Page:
So I got the Lenore, I got the summer edition Kindred Spirit, and the most recent Royal Blue. But I hadn't gotten any of their standard offerings except for the 3 pack of perfect bound pocket notebooks that they give you with your membership. I needed something in the Journal size and since I liked the paper in the pocket notebook I'd been carrying all month, I thought I'd try out some of their standard books. The starter kit was a perfect way to try it all.

Everything in the starter kit...except for the pocket ruler! I missed it...

Included in the set is a Steno with graph paper, a pocket ledger, a ruled Journal, a pencil sampler, a thin metal "Linear Measuring Device" and a set of the perfect-bound pocket notebooks, one each lined, graph, and blank. They also list "assorted paper gifts". Mine were coasters and some of their new pocket flipbooks in white, which as far as I can tell are not available in their store in white.

I was happy as a clam to get these little guys...wait, those are oysters...

The pocket flipbooks are essentially a pocket notebook cut along the equator. They are perfect bound and perforated, so they can work like little business card-sized notes to leave around. They use 100# cover stock and 70# paper stock just like the pocket notebooks.

Red, White, & Blue...made in the USA

The pocket notebooks that come with the starter kit are the standard 3 packs. One red ruled, one white blank, and one blue grid. They are perfect bound and use 100# cover stock and 70# paper. These are the reason I wanted to get the starter kit. I've been using a red ruled for a month now as my daily back-pocket carry, and it has held up better that any back-pocket book I've used. The spine can be broken and laid flat or flipped around and it won't lose a page. The heavy cover has taken a beating in my back pocket and has fuzzed up a bit, but not torn or ripped one bit. Of all the pocket notebooks I've used, I would have to say that it is the toughest of the bunch. The paper takes a pencil as well as a fountain pen. I thought that if the paper on their Journal and Steno was just as good, I could see myself buying a lot of them in the future. One complaint though...the graph in the blue pocket notebook is way too small. They use 1/8" grid lines here, which it over half the size of a Field Notes graph or the graph they use in the Steno. Some people may dig it, but for the way I use a pocket notebook, it's way too small.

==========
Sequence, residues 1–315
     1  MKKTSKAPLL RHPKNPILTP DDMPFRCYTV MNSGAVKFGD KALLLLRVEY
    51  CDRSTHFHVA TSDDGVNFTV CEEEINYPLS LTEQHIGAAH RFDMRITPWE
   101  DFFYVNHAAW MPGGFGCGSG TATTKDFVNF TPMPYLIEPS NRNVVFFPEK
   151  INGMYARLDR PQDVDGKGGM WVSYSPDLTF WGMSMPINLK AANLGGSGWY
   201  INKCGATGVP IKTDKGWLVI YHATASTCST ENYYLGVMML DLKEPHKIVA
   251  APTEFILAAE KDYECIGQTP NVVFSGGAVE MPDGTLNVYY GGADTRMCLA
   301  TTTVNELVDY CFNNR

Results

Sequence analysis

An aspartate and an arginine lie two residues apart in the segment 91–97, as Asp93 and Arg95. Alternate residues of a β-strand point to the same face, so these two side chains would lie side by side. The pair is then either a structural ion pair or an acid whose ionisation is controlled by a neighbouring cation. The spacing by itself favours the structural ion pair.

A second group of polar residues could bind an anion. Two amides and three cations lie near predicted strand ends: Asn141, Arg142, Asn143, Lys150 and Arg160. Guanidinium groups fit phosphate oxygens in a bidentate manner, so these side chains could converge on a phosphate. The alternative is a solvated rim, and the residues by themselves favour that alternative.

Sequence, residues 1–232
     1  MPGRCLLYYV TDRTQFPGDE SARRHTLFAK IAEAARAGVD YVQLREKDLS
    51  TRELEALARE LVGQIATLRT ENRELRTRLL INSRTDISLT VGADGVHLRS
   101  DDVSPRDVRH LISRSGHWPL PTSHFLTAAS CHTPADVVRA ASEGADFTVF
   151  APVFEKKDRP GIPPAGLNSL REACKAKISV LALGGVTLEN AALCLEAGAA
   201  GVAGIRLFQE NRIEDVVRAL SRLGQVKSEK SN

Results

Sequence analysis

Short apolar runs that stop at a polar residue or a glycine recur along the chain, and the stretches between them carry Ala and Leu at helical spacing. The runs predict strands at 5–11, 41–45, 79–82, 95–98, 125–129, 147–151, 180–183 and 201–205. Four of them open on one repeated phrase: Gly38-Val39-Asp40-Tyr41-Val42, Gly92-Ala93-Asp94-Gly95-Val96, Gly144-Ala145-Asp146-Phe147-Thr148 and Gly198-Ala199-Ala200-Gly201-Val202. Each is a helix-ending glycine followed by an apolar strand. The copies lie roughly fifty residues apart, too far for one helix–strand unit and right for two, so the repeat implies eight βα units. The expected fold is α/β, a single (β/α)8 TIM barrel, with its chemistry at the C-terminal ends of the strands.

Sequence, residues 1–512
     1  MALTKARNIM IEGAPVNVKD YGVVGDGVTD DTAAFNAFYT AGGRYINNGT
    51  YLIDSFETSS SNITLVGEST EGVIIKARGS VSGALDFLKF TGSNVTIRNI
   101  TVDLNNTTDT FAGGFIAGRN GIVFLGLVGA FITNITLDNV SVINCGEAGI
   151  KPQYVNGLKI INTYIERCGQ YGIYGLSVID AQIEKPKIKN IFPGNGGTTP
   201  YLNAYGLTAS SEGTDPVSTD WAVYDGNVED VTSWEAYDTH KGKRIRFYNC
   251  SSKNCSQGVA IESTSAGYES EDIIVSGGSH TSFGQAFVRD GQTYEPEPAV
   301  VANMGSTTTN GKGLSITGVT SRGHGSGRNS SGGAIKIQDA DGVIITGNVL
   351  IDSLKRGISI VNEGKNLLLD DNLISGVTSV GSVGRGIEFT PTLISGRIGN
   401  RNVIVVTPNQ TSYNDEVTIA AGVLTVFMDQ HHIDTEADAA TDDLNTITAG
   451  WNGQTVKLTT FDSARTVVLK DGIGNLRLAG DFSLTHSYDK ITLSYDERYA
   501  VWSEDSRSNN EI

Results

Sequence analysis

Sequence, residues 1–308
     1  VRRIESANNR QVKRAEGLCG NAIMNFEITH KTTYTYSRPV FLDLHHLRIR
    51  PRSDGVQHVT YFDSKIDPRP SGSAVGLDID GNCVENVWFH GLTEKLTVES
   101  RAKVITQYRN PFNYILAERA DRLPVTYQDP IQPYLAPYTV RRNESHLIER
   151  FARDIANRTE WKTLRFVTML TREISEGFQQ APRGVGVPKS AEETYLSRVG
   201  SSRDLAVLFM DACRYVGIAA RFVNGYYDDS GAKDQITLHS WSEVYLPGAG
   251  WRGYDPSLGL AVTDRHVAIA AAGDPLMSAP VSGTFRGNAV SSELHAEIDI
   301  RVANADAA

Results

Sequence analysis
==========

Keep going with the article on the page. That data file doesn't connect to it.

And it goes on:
Write Notepads Graph (left) vs. Field Notes Graph (right)

The Steno also uses a graph paper, 3/16" graph, which is the same as a pocket Field Notes. It is Double Wire-O top-bound with brass wire. This is strong stuff. The stats are as follows: 60pt board stock on the cover, 70# paper inside. The graph lines are a fairly light blue, vegetable-based ink. It is 5.5" wide and 8.5" tall. What I like about the binding is that it is large enough to let everything move freely when flipping over the pages. Oftentimes that isn't the case with wire-bound books.

The Write Notepads Steno also comes with a sweet rubber band for keeping your shit together.

An even bigger rubber band. Oh the damage that thing could do in the office wars...